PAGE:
Scientists Are Working on Ways to Help IVF Couples Cope With Infertility

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A brand new study led by Helen Rockliff analyzed more than 23 previous studies in order to identify  what types of coping strategies, personality traits and social circumstances are available to help couples going through IVF treatments. Turns out, all you really need is a friend.

By taking a look at 23 previous research studies, Rockliff found that at least all of them at explored how at least one psychosocial factor was related to one psychological health outcome, like how social supports, used to help couples cope during the IVF process, can affect a woman’s chances of getting pregnant.

What Rockliff and her colleagues realized what that all of these studies unearthed the fact that there are certain factors that can predict adverse emotional/psychological outcomes during IVF. Things like anxiety, depression and high distress were all defined as “worse” outcomes during and after IVF treatments. The researchers also found that behaviors like self-criticism, dependency, situational appraisals and attachment were linked with adverse outcomes as well.

On the opposite end of that was the fact that social supports, like leaning on a partner, friend and/or family during difficult IVF treatments, was found to be associated with far better emotional outcomes in both women who did get pregnant from IVF and for those who didn’t.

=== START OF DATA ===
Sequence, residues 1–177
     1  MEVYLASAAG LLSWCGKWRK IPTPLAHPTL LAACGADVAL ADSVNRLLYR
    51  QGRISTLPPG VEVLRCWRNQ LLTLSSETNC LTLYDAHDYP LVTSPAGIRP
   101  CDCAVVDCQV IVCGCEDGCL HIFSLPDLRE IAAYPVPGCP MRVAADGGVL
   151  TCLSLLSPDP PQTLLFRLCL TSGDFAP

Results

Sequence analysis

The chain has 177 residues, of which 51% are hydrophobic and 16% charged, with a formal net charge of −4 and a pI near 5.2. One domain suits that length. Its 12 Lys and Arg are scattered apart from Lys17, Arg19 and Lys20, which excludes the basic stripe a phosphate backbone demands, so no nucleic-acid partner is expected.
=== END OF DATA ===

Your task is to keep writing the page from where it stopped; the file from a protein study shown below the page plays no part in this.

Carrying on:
At the completion of her analysis, Rockliff said, “In general, people who are socially connected and who use their social network for support during difficult times are happier and healthier, but it is interesting that this is the case for IVF patients too, because as many patients reveal, usually well after going through it all, infertility and its treatment are incredibly personal and many couples don’t particularly want to tell people about it. It is often the case patients tend to have friends of similar ages, so IVF treatment for one couple can happen around the same time as their friends are discovering the joys of parenthood. All this often adds up to couples feeling socially isolated just when the research tells us social support is needed.”

Social supports play such an important role in the IVF journey that scientists have even started testing their effects, with techniques like the “loving kindness meditation” and “compassion focus imagery.”

Rockliff added that, “Mindfulness, which is another emerging psychological training tool, is often a component of these interventions too. It appears that with practice the average person can learn to generate these positive emotions quite well using only their mind. Better still, it seems that in learning to do this people also get better at tolerating, and so engaging with their more difficult emotions — meaning less need for disengagement and escapism to cope with them.”

As for what comes next, researchers suggest that “mind training” could be a good way to counteract the loss of social supports in IVF patients that aren’t willing to open up to their circles about their experiences. Rockliff says that it could help them build on their psychological resources to help them face difficulties rather than disengage from them.

Do you have a “network” of support you can turn to? Do you think it’s important?

Plus, more from The Bump:

Why Women Who Are Struggling to Conceive Should Never Hide It

How to Deal When Everyone Else Is Pregnant (and You’re Still Trying)

Trying to Conceive? Why You Should Share Your Story — and How to Do It